January 04, 2006
works at dispelling myths
2005 Blethen Maine Newspapers Inc.
-- Hypnotism has come a long way from the hocus-pocus days of
swinging pocket watches and spinning spirals.
In fact, said
Ernest VanDenBossche, a certified hypnotherapist, the practice has
gained acceptance as a healing treatment worldwide, associated with
helping post-surgical cancer patients and those trying to quit
smoking, losing weight and other concerns.
said, is the second annual World Hypnotism Day, celebrating the
professionalism and skills of hypnotists everywhere.
really about getting the word out about hypnotism and its
advancements through time to the general public," said
VanDenBossche, 55. "We're hearing a lot from TV talk shows
about hypnotism and creative visualization for health -- hypnotism
is a type of creative visualization, because this is what we're
doing, we're going into the mind and creating something that we want
for our future."
Hypnotism Day is scheduled to be celebrated tonight beginning at 7
at the Universalist Unitarian Church on Silver Street, Waterville.
VanDenBossche said he will address the gathering and hypnotize
willing visitors in a group setting.
the day is about dispelling the myths and misconceptions of
hypnotism, while explaining the many benefits, according to
VanDenBossche. He said features on hypnotism and the health benefits
associated with it have appeared in such publications as NewsWeek,
Good Housekeeping, Canadian Living, Shape and O Magazine.
He said the
practice can help people accentuate positive thoughts for positive
results. Health issues, professional goals and activities people
want to improve, such as sports performance, can be achieved by
mentally breaking bad habits, according to VanDenBossche.
is a great example," he said. "Smoking and weight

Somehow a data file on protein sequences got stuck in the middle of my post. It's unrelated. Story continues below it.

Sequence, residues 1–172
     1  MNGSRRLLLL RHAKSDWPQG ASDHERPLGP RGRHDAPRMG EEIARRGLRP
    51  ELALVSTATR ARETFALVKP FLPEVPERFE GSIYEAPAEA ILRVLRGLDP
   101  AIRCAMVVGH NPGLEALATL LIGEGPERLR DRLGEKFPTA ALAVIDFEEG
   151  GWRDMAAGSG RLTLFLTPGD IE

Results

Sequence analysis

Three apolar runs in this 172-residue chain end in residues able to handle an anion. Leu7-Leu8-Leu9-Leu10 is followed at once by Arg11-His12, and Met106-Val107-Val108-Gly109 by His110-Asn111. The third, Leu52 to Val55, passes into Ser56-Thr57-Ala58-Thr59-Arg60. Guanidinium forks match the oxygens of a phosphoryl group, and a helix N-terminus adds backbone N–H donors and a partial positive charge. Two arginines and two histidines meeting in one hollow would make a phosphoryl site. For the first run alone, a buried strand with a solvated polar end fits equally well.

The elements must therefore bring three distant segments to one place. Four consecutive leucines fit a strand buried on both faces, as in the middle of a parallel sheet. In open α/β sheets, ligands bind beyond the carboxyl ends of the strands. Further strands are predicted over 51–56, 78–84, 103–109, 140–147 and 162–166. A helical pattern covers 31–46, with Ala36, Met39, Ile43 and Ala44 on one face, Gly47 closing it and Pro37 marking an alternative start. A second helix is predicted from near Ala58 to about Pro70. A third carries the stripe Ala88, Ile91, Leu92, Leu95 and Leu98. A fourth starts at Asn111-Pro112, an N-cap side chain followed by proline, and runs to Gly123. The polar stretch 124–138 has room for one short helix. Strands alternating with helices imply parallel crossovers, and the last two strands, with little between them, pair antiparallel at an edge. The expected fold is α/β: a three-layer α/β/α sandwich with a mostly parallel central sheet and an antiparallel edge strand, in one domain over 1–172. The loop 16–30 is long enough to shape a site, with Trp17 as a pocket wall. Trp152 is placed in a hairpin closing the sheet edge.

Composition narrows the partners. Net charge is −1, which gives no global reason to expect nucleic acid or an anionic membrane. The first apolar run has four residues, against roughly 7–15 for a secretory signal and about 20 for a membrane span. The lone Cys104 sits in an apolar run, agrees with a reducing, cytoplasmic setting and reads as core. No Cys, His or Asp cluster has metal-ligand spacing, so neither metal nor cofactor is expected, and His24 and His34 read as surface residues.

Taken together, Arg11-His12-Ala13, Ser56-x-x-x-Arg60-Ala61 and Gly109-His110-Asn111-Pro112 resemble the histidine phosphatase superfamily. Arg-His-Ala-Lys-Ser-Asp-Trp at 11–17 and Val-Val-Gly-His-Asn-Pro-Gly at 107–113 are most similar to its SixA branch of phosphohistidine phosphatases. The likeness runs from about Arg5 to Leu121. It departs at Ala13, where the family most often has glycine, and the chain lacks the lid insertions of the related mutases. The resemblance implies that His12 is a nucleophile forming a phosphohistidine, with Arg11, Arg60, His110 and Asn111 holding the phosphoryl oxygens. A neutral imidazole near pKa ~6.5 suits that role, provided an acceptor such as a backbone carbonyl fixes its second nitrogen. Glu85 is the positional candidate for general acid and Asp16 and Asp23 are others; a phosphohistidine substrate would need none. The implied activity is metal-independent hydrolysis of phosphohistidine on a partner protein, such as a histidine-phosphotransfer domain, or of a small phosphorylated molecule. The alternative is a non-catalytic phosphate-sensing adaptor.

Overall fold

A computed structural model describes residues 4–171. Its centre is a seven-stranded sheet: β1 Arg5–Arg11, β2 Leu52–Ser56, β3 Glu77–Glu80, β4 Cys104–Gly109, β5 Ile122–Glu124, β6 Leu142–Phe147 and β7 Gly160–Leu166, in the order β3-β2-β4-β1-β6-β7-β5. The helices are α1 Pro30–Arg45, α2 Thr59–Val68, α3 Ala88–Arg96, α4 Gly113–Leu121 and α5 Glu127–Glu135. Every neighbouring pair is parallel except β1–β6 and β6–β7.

hypnotherapy can work well for people suffering from hypertension
and can ease physical pain by decreasing brain activity associated
with suffering. It also can help alleviate stress, anxiety and the
pain of medical procedures including childbirth.
VanDenBossche said, results are all about the person being
hypnotized, not the therapist doing the hypnotizing. Like going to a
doctor for a broken arm, he said, the healing comes from inside the
body, not from the doctor.
mind sends the signal to your body to do the healing, so it's in
your mind," VanDenBossche said. "So with hypnotherapy and
health, again you plant those things in your mind, but the
suggestions for change need to be positive.
mind heals that."
with his partner Bonnie Lee Gibson, operate Wavelengths
Hypnotherapy on Main Street in Fairfield. He said a person has to
want to be hypnotized and has to want to implement the changes being
suggested before the therapy can work.
hypnosis has its roots in the Greek word meaning "sleep,"
he said. When one is experiencing the effects of hypnosis, an alert
stage of sleep -- similar to the state experienced in meditation --
time suggestions are made to the subconscious mind, bypassing the
critical mind and going straight to the spot where habits are either
controlled or allowed to go unattended.
to be dedicated to that change," he said. "If your wife
wants you to go in and quit smoking and you don't want to, it isn't
going to work -- you have to want the change."
said during the last century hypnosis was used almost exclusively by
stage acts, in which people -- all of whom had been screened by the
hypnotist -- clucked like chickens and took their clothing off on
command to the delight of audiences.
Since then the
medical and therapeutic benefits of hypnosis have come into
In 1955 the
British Medical Association endorsed the practice in medical school
education. The American Medical Association followed suit three
years later, recognizing hypnosis as a medical treatment, according
Doug Harlow --